Review of the book “The Old New Thing”

Having been called to jury service recently, I decided to read a new book that I just got from Amazon called “The Old New Thing: Practical Development Throughout the Evolution of Windows” by Raymond Chen. Raymond Chen is one of the original software developers on the Microsoft Windows operating system. The book is an interesting collection of Raymond’s blog entries with a few augmentations thrown in. Several chapters are dedicated just to programming propeller heads, but there’s enough interesting stories of how Windows operates to keep the general audience interested.

One of things the book acknowledges is how Microsoft “works around” program incompatibilities by coding “fixes” directly into the operating system. If you remember about 2 years ago, 20% of the source code for Windows 2000 was accidentally leaked. This article details some of the things found in the source code. This fact alone validates that the Windows 2000 source code posted is valid. It also explains why Windows has so much “bloat” in it.

So why not block applications with bad programming techniques? According to Chen, when a user upgrades their operating system and their program stops working, they blame Microsoft and not the software vendor. Why wouldn’t they? The user has no idea that their vendor is using sloppy programming. In order to secure sales, Microsoft will bend over backwards to provide application compatibility to the point of incorporating the fix into their operating system directly.

The responsible thing to do of course is to notify the company that made the software and inform them of the fix. Microsoft (I’m equating Chen with Microsoft since he clearly has been entrenched in the Microsoft culture), however, makes the excuse that the company may have gone out of business or may not be willing to issue a fix. Why not issue just a hotfix for that company through the PSS? Microsoft holds back certain hotfixes from the general public and holds them hostage in the PSS. Only if you are willing to pay a fee and or deemed worthy of the documented hotfix is it released to you. Why should it be any different with sloppy programming fixes? Why do I need a fix for an application *I* don’t use bundled into operating system *I* use?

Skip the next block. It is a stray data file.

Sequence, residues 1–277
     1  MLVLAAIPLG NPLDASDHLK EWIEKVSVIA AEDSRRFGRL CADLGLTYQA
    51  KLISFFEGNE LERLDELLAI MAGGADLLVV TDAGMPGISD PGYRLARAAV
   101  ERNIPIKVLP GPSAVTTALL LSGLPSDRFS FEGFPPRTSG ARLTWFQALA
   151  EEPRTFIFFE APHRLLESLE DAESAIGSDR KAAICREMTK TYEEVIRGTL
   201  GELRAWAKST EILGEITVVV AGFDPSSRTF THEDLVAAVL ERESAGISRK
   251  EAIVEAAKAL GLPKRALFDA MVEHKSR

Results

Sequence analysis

Microsoft has some what rectified the situation using Application Compatibility shims in Windows XP.  However, this begs the question: what else is being injected into the Windows code base?  From

Microsoft’s David Cole emailed Phil Barrett on September 30 1991: “It’s pretty clear we need to make sure Windows 3.1 only runs on top of MS DOS or an OEM version of it,” and “The approach we will take is to detect DR DOS 6 and refuse to load. The error message should be something like ‘Invalid device driver interface.”

Microsoft had several methods of detecting and sabotaging DR-DOS with Windows. One was to have Smartdrive detect DR-DOS and refused to load it for Windows 3.1.  There was also a version check in XMS in the Windows 3.1 setup program which produced the message: “The XMS driver you have installed is not compatible with Windows. You must remove it before setup can successfully install Windows.” This was not true, but rather, was an attempt to undermine the competition.

Brad Silverberg, the Microsoft exec who had been responsible for Windows 95, emailed Jim Allchin (now Senior Vice President of MS) on September 27th 1991: “after IBM announces support for dr-dos at comdex, it’s a small step for them to also announce they will be selling netware lite, maybe sometime soon thereafter. but count on it. We don’t know precisely what ibm is going to announce. my best hunch is that they will offer dr-dos as the preferred solution for 286, os 2 2.0 for 386. they will also probably continue to offer msdos at $165 (drdos for $99). drdos has problems running windows today, and I assume will have more problems in the future.” 

Jim Allchin replied: “You should make sure it has problems in the future. :-)”.

Andy Hill emailed David Cole, Windows group manager: “Janine has brought up some good questions on how we handle the error messages that the users will get if they aren’t using MS-DOS. The beta testers will ask questions. How should the techs respond: Ignorance, the truth, other? This will no doubt raise a stir on Compuserve. We should either be proactive and post something up there now, or have a response already constructed so we can flash it up there as soon as the issue arises so we can nip it in the bud before we have a typical CIS snow-ball mutiny.”

Cole replied to Hill: “Let’s plead ignorance for a while. We need to figure out our overall strategy for this. I’m surprised people aren’t flaming yet, maybe they won’t.” Cole also sent an email to Silverberg suggesting a less severe message be used when DR DOS was detected: “A kind-gentle message in setup would probably not offend anyone and probably won’t get the press up in arms, but I don’t think it serves much of a warning. BillP made an excellent point, what is the guy supposed to do? With a TSR, the solution is to just remove it. With DR-DOS, or any others, I doubt the user is in a position of changing. He will no doubt continue to install. When he finds problems, he will call PSS. We will get a lot of calls from DR-DOS users.”

“Perhaps a message in the phone system for Windows. It would say something like ‘if you are not using MS-DOS or an OEM version of MS-DOS, then press ##’. Then give them the message.” Silverberg replied: “What the guy is supposed to do is feel uncomfortable, and when he has bugs, suspect that the problem is dr-dos and then go out to buy ms-dos. or decide to not take the risk for the other machines he has to buy for in the office.”

For more trips down “OS memory lane”, check out in addition to Raymond’s book. Raymond Chen’s blog can be found here.

– Soli Deo Gloria

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